BASOTHO Action Party (BAP) leader, Nqosa Mahao, has promised to restore law and order if his party is voted into power in the forthcoming elections.
Addressing hundreds of supporters in their blue, maroon and yellow party regalia at Thaba Phatšoa, Leribe, this week, the former National University of Lesotho vice-chancellor said the BAP was the only party with the political will to stand firm against Lesotho’s high crime rates.
He said his government would not sit and watch as Basotho continue to murder each other daily.
‘’We cannot afford to fold our arms while Basotho kill each other for whatever reason,” Prof Mahao said.
“Our government will restore law and order as a priority.”
A BAP government would also train chiefs on how to execute their duties more effectively. It will also pay traditional leaders decent salaries to discourage them from engaging in crime, Prof Mahao said.
“We will set up community policing forums to jointly work with chiefs to fight crime in their respectively communities.”
A BAP government would ensure that the police are given adequate resources such as vehicles, horses and uniforms to boost their morale. The police will also get further training to equip them with the latest skills to fight various forms of crime.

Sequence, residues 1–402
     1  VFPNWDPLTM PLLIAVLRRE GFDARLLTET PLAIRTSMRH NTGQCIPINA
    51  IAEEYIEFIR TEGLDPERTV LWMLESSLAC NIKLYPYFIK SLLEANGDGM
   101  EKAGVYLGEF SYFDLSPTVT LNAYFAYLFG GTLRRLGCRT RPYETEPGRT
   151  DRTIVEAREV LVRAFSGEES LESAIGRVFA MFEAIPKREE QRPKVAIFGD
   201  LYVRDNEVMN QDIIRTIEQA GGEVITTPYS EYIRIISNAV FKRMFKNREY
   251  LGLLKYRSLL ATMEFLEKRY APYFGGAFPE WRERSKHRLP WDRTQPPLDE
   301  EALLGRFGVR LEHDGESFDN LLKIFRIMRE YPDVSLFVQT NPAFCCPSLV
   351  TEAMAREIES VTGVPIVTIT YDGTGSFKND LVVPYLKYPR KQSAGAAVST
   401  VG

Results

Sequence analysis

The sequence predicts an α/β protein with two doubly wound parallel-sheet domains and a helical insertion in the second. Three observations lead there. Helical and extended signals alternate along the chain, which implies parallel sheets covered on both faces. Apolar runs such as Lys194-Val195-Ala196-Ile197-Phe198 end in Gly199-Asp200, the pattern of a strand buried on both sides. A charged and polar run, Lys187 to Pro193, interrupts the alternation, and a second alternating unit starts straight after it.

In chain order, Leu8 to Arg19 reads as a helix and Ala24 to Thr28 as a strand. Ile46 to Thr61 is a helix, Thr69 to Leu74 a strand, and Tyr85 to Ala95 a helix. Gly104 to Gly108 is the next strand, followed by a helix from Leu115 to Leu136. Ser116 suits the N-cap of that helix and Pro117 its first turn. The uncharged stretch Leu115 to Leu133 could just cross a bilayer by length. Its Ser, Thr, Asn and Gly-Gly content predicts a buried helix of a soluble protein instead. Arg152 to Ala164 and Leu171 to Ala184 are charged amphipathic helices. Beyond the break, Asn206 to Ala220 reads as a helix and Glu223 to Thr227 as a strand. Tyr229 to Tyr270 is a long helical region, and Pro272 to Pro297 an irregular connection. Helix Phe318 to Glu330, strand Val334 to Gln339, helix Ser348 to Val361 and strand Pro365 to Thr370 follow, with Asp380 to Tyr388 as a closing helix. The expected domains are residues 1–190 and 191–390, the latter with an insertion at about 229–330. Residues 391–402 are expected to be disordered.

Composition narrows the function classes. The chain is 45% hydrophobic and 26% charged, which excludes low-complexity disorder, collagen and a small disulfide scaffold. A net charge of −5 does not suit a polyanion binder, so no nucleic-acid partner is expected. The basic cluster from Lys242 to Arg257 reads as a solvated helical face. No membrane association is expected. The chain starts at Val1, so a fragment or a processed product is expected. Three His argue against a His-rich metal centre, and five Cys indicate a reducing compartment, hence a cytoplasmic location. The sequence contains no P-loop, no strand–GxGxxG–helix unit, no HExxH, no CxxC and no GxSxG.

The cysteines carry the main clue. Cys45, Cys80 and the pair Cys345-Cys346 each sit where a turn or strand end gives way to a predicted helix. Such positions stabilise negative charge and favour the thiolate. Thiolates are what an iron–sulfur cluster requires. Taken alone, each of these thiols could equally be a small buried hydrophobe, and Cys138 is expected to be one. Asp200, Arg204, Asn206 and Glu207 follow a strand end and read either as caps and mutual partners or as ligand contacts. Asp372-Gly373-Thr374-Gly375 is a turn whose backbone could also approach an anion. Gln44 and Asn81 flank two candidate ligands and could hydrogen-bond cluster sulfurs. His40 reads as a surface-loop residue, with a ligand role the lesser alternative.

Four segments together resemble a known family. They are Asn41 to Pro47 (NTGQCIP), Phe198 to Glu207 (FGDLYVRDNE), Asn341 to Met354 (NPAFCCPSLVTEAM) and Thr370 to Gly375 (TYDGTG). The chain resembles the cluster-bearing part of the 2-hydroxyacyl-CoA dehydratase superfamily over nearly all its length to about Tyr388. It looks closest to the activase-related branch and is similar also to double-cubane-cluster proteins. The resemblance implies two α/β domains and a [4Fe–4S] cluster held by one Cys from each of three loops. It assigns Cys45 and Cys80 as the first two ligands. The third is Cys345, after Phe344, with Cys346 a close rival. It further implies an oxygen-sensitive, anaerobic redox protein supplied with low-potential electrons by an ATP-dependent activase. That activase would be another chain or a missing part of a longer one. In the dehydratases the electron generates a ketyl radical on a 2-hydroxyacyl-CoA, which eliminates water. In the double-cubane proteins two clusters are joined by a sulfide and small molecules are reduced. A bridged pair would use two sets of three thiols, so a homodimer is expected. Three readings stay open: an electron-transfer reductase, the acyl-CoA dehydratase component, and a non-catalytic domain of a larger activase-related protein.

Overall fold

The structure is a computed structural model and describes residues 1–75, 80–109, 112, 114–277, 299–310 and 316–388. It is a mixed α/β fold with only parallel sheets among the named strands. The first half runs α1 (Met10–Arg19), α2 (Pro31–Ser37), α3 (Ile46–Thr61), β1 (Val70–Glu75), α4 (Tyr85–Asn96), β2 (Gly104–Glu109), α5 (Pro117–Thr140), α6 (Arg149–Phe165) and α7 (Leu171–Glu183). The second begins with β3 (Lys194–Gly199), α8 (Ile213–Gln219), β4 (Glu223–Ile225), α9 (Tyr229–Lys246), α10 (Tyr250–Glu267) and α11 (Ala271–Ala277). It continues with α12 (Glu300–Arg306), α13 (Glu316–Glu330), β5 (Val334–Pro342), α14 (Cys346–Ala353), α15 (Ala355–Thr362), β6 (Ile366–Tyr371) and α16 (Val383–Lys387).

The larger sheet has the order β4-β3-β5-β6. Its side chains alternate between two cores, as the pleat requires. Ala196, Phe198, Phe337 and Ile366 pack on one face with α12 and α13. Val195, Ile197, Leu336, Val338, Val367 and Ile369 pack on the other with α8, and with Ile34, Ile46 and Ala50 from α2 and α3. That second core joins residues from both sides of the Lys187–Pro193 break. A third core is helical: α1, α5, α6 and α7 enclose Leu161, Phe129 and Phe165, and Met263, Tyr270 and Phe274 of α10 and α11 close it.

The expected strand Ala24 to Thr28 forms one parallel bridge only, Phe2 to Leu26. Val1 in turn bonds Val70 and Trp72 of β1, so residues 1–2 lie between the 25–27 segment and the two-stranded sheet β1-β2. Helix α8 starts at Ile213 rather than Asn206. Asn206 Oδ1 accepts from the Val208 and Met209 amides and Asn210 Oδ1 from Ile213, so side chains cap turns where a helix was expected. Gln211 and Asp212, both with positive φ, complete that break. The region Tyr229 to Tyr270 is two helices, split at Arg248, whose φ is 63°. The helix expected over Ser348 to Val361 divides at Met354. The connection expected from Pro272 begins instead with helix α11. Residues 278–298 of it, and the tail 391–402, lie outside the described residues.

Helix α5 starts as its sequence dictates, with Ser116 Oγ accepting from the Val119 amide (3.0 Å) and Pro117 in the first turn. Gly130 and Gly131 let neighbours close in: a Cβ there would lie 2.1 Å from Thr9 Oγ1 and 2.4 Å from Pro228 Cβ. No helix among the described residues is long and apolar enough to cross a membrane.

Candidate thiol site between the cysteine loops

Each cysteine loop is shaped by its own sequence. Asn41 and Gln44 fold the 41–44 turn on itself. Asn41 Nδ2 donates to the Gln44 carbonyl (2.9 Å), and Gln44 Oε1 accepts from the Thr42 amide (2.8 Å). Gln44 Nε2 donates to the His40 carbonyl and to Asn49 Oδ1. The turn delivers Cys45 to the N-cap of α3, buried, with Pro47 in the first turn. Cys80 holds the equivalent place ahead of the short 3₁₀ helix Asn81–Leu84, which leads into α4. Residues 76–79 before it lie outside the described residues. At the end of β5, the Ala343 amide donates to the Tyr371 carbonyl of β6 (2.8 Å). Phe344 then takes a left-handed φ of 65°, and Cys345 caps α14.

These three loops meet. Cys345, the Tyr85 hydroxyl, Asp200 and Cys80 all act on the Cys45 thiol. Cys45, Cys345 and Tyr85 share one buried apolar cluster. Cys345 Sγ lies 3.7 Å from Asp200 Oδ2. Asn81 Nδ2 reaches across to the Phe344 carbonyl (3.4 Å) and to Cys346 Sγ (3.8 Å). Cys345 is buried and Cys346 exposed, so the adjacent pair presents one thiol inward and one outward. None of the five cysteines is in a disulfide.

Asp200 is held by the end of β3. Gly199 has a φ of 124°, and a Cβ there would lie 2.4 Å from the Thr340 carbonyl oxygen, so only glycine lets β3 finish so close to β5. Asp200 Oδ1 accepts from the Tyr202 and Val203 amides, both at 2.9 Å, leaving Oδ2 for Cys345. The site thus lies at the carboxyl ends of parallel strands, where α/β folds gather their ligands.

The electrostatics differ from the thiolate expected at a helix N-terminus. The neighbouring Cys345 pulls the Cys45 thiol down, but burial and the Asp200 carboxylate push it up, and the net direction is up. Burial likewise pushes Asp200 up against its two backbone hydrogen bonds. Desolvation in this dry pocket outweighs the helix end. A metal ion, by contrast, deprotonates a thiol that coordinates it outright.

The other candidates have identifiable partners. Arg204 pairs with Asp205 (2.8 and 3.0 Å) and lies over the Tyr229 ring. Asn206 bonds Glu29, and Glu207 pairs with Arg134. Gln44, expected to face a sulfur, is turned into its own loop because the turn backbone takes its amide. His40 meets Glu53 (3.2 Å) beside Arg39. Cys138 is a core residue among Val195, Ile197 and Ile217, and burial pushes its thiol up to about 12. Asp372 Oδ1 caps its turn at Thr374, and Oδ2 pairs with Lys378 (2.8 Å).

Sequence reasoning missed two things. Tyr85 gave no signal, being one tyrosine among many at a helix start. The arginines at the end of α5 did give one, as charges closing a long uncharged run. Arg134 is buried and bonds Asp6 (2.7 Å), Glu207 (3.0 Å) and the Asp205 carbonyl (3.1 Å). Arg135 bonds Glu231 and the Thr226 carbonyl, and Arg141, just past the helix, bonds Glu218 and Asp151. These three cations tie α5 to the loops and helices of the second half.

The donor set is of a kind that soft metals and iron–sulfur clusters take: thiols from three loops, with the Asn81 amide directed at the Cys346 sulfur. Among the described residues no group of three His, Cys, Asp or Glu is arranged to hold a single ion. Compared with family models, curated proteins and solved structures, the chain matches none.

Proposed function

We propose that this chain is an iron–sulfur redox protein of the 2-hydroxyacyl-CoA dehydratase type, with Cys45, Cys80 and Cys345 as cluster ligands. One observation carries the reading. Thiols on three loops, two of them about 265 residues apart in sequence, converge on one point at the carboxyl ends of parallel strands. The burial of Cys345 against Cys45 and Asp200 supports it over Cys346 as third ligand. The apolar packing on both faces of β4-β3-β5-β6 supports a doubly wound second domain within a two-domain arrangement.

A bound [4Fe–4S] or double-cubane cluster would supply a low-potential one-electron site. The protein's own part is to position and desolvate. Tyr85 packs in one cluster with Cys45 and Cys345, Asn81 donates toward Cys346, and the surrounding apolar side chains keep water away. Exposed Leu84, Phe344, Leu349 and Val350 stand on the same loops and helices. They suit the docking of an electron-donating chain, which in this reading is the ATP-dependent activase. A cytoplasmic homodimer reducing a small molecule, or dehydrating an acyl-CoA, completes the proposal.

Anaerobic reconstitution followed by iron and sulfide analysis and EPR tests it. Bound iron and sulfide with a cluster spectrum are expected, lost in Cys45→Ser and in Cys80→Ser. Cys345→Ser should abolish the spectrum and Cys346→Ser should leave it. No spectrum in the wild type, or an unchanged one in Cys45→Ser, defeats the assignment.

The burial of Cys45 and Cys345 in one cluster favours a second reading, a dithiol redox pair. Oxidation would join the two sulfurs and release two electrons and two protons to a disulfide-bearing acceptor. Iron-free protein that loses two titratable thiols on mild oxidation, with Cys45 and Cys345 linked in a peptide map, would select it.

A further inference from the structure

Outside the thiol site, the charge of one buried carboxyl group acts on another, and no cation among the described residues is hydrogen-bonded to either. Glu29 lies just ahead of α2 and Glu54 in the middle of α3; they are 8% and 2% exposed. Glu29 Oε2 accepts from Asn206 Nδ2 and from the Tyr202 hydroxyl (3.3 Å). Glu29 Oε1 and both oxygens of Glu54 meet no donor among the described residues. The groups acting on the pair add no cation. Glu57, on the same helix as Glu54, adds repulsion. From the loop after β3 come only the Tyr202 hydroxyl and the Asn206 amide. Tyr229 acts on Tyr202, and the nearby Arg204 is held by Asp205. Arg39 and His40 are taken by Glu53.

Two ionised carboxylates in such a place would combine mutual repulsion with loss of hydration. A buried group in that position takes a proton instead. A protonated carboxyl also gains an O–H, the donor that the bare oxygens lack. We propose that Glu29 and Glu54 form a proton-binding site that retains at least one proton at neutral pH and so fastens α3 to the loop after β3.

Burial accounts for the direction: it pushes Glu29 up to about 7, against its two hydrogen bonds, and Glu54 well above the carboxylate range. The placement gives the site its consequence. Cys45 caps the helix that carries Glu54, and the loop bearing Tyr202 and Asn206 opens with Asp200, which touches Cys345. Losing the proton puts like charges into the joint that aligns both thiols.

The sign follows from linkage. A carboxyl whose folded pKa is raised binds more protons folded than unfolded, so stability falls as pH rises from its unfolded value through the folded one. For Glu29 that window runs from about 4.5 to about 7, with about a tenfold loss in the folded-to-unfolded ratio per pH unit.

As part of these efforts, his government will build police stations in every constituency so that criminals have no hideout.
“National Security Service members will be deployed in communities to prevent crime and tip the police off on any possible criminal activities,” Prof Mahao said.
Lesotho’s judiciary was politically tainted, he said, vowing to reform it to ensure that it delivered justice without partiality and nepotism.
“We will also recruit more judges to reduce the backlog of cases that our judiciary is battling with,’’ he said.
Lesotho is battling a backlog of about 4000 cases in the High Court alone.
During this women’s month, Prof Mahao said he was paying tribute to Basotho women for their resilience in the face of the many different challenges they were facing.
Celebrated annually in August, women’s month was originally aimed at commemorating the spirited fight by South African women against repressive apartheid laws in the 1950s.
Now women’s month commemorates women in general, including Basotho women’s fight for emancipation from gender-based violence, rape, killings and other socio-cultural and economic challenges.
Deputy Commissioner of Police (DCP), Mahlape Morai, last week bemoaned the escalating murders of women and other forms of gender-based violence (GBV). She described them as a shameful stain on the country’s image.
She made the remarks while addressing female police officers in Maseru who had marched in commemoration of the late Martha Rasekoai. Ms Rasekoai was employed at the Development Planning ministry. Her mangled body was found at a rivulet in Ha-Tšolo, Maseru last month. No one has been arrested to date in connection with her gruesome killing.